157.4

(29.0)

365.5

1.7

 

 

(Increase)/decrease in insurance, reinsurance and other receivables


(21.5)

(61.9)

(184.2)

0.5

 

 

(Increase)/decrease in deferred acquisition costs


(25.3)

-

4.3

-

 

 

Financial income


(77.0)

-

(64.8)

-

 

 

Financial expense


16.1

1.8

16.8

-

 

 

Profit on debt buyback


(12.9)

-

-

-

 

 

Income tax (paid)/received


(22.7)

-

5.9

-

 

 

Net cash from operating activities


270.2

(33.3)

226.7

88.0

 

 







 

 

Cash flow from investing activities






 

 

Purchase of plant and equipment


(2.6)

(0.3)

(1.0)

-

 

 

Purchase of syndicate capacity


-

-

(1.4)

-

 

 

Acquisition of subsidiary (net of cash acquired)


-

-

(3.8)

-

 

 

Sale of business unit


-

-

5.0

-

 

 

Expenditure on software development


(5.8)

-

(11.1)

-

 

 

Purchase of investments


(4,579.0)

-

(3,912.4)

-

 

 

Proceeds from sale of investments


4,278.6

-

3,649.2

-

 

 

Investment in associate


(1.6)

-

(3.4)

-

 

 

Interest and dividends received


77.0

-

64.8

-

 

 

Net cash used in investing activities


(233.4)

(0.3)

(214.1)

-

 

 







 

 

Cash flow from financing activities






 

 

Proceeds from issue of shares


1.6

1.6

0.5

0.5

 

 

Purchase of treasury shares


-

-

(1.2)

(1.2)

 

 

Acquisition of own shares in trust


(25.1)

(25.1)

(6.0)

(6.0)

 

 

Proceeds from issue of debt


121.0

121.0

-

-

 

 

Repayment of borrowings


(66.7)

-

-

-

 

 

Interest paid


(14.3)

-

(16.8)

-

 

 

Dividends paid


(65.1)

(65.1)

(82.8)

(82.8)

 

 

Net cash used in financing activities


(48.6)

32.4

(106.3)

(89.5)

 

 







 

 

Net decrease in cash and cash equivalents


(11.8)

(1.2)

(93.7)

(1.5)

 

 

Cash and cash equivalents at beginning of year


650.1

2.5

745.0

4.0

 

 

Effect of exchange rate changes on cash and cash equivalents


(1.8)

-

(1.2)

-

 

 

Cash and cash equivalents at end of year


636.5

1.3

650.1

2.5

 

 

Notes to the financial statements

 

1 Statement of accounting policies

Beazley plc is a company incorporated in Jersey and domiciled in Ireland. The group financial statements for the year ended 31 December 2012 comprise the parent company and its subsidiaries and the group's interest in associates.

 

Both the financial statements of the parent company, Beazley plc, and the group financial statements have been prepared and approved by the directors in accordance with IFRSs as adopted by the EU ('Adopted IFRSs').

 

The accounting policies set out below have, unless otherwise stated, been applied consistently to all periods presented in these group financial statements.

 

All new standards and interpretations released by the International Accounting Standards Board (IASB) have been considered and of these the following new and amended standards have been adopted by the group during the period:

 

IFRS 7 (amended), 'Transfers of financial assets'. This amendment requires additional disclosures about transfers of financial assets to enable users to understand the possible effects of any risks that remain with the transferor.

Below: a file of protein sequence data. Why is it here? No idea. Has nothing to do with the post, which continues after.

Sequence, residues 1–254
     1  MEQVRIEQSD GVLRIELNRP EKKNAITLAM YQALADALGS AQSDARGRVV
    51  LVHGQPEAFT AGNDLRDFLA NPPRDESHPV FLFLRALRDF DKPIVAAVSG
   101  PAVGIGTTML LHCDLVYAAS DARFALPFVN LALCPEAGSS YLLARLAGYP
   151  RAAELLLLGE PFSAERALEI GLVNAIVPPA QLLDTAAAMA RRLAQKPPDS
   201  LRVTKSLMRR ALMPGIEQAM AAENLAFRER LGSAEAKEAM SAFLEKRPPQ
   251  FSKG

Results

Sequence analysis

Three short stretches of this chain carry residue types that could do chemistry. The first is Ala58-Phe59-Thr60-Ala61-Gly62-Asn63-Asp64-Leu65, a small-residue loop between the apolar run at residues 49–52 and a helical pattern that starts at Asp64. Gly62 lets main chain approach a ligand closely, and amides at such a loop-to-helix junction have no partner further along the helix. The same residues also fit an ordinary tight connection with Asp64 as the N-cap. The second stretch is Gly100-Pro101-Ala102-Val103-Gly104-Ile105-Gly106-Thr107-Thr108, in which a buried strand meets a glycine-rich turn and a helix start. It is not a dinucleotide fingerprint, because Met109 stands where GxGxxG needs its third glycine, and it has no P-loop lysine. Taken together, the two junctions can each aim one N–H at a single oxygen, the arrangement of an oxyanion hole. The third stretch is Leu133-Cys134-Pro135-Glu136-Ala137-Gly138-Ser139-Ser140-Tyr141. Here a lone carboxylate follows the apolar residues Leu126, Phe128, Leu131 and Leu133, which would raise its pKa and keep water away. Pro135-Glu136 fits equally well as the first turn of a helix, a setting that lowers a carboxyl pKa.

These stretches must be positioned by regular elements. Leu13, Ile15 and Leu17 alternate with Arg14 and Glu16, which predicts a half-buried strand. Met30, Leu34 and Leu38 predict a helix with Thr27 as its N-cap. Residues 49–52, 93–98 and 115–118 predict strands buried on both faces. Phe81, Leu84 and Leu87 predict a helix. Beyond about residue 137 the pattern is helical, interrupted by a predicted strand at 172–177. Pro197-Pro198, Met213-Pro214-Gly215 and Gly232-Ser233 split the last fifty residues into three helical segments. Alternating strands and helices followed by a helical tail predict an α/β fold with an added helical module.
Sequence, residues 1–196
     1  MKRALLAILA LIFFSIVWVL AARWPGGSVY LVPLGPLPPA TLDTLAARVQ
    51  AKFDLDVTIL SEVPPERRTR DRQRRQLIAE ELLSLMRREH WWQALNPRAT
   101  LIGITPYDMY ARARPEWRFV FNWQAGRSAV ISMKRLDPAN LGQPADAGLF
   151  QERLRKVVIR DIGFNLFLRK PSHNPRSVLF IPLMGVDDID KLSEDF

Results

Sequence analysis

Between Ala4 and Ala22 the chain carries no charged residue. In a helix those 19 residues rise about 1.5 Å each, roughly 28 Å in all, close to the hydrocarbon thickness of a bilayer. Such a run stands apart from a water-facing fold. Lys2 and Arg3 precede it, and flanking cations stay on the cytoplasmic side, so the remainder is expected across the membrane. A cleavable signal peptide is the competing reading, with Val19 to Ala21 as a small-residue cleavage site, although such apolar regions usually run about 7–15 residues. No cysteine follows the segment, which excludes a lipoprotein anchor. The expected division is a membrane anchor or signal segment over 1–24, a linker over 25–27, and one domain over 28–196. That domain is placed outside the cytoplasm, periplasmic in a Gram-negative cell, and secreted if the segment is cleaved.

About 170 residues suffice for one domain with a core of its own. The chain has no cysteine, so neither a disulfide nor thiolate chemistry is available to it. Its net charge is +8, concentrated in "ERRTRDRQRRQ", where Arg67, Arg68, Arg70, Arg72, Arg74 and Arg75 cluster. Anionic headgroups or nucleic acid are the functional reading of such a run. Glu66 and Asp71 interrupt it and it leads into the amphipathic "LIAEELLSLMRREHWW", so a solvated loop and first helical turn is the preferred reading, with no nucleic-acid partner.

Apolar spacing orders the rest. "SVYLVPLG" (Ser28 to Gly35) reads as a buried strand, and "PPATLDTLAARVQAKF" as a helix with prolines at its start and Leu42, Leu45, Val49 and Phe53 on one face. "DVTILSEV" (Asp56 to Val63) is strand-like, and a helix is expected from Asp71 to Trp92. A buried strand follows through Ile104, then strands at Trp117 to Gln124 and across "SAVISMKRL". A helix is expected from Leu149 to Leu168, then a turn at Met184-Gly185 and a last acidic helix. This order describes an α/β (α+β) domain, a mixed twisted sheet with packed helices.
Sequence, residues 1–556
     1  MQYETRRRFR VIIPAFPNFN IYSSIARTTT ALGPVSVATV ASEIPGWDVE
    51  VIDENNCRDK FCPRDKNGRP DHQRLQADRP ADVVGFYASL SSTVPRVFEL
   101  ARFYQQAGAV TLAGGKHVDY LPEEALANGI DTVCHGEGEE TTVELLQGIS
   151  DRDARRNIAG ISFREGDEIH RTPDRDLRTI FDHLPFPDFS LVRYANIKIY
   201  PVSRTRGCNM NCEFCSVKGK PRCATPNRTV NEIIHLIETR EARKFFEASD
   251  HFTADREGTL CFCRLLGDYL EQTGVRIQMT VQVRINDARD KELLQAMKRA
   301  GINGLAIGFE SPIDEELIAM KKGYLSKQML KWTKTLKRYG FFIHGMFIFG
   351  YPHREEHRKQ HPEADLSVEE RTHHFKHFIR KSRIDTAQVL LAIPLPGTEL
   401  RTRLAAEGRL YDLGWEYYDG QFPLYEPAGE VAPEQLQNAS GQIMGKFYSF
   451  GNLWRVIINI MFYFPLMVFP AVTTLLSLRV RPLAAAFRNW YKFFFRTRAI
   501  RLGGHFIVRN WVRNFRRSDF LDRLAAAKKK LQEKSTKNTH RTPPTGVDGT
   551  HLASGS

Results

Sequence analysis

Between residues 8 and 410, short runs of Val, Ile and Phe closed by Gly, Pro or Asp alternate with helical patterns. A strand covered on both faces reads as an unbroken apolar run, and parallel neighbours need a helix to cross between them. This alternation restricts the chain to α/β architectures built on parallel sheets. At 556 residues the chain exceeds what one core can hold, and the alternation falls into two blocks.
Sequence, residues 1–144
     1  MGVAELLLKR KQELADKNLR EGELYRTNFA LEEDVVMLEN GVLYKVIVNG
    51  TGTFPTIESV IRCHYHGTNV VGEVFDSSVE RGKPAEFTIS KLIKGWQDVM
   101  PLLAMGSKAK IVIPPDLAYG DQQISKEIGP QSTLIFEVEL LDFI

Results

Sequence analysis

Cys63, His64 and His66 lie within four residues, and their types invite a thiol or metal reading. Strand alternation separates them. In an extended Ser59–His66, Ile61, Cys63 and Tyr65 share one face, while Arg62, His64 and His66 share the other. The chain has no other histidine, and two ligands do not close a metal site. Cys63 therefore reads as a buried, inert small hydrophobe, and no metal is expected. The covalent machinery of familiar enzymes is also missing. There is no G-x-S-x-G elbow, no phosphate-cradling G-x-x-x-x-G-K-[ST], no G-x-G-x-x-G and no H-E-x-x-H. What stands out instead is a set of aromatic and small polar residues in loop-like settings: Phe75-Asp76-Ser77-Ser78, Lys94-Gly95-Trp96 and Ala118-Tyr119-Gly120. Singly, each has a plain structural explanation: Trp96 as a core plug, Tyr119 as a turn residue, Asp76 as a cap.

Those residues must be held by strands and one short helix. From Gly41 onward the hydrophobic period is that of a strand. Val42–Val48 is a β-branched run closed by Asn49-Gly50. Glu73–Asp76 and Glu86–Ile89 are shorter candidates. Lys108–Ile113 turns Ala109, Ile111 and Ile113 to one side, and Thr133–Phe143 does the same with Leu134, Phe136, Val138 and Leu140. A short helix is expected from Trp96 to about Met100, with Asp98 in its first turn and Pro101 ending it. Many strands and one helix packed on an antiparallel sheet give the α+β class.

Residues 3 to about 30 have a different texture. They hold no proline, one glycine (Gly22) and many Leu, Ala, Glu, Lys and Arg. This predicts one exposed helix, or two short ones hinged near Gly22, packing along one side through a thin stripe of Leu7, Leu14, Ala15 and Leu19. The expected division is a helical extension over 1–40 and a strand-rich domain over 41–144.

The following is a list of standards that are in issue but are not effective in 2012, but have been endorsed for use in the EU, together with the effective date of application to the group:

IFRS 7: Amendment: Offsetting financial assets and financial liabilities (effective 1 January 2013)

IFRS 10: Consolidated financial statements (effective 1 January 2014)

IFRS 11: Joint arrangements (effective 1 January 2014)

IFRS 12: Disclosure of interests in other entities (effective 1 January 2014)

IAS 1 Amendment: Presentation of other items of comprehensive income (effective 1 January 2013)

IAS 19 Amendment: Defined benefit plans (effective 1 January 2013)

IAS 27 Amendment: Separate financial statements (effective 1 January 2014)

IAS 28 Amendment: Investments in associates and joint ventures (effective 1 January 2014)

IAS 32 Amendment: Offsetting financial assets and financial liabilities (effective 1 January 2014)

 

In addition, the following is a list of standards that are in issue but are not effective in 2012, and have not yet been endorsed for use in the EU, together with the effective date of application to the group:

IFRS 9: Financial Instruments (effective 1 January 2015)

Improvements to IFRSs (effective 1 January 2013)

 

The implications of these standards and interpretations are under review.

 

Basis of presentation

The group financial statements are prepared using the historical cost convention except that financial investments and derivative financial instruments are stated at their fair value. All amounts presented are stated in US dollars and millions, unless stated otherwise.

 

The financial statements of Beazley plc have been prepared on a going concern basis. The directors of the company have a reasonable expectation that the group and the company have adequate resources to continue in operational existence for the foreseeable future.

 

Use of estimates and judgements

The preparation of financial statements requires management to make judgements, estimates and assumptions that affect the application of accounting policies and reported amounts of assets, liabilities, income and expenses. Actual results may differ from these estimates.

 

Estimates and underlying assumptions are reviewed on an ongoing basis. Revisions to accounting estimates are recognised in the period in which the estimate is revised and in any future periods affected.

 

In particular, information about significant areas of estimation uncertainty and critical judgements in applying accounting policies that have the most significant effect on the amounts recognised in the financial statements are described in this statement of accounting policies and specifically in note 11 (on insurance liabilities and reinsurance assets).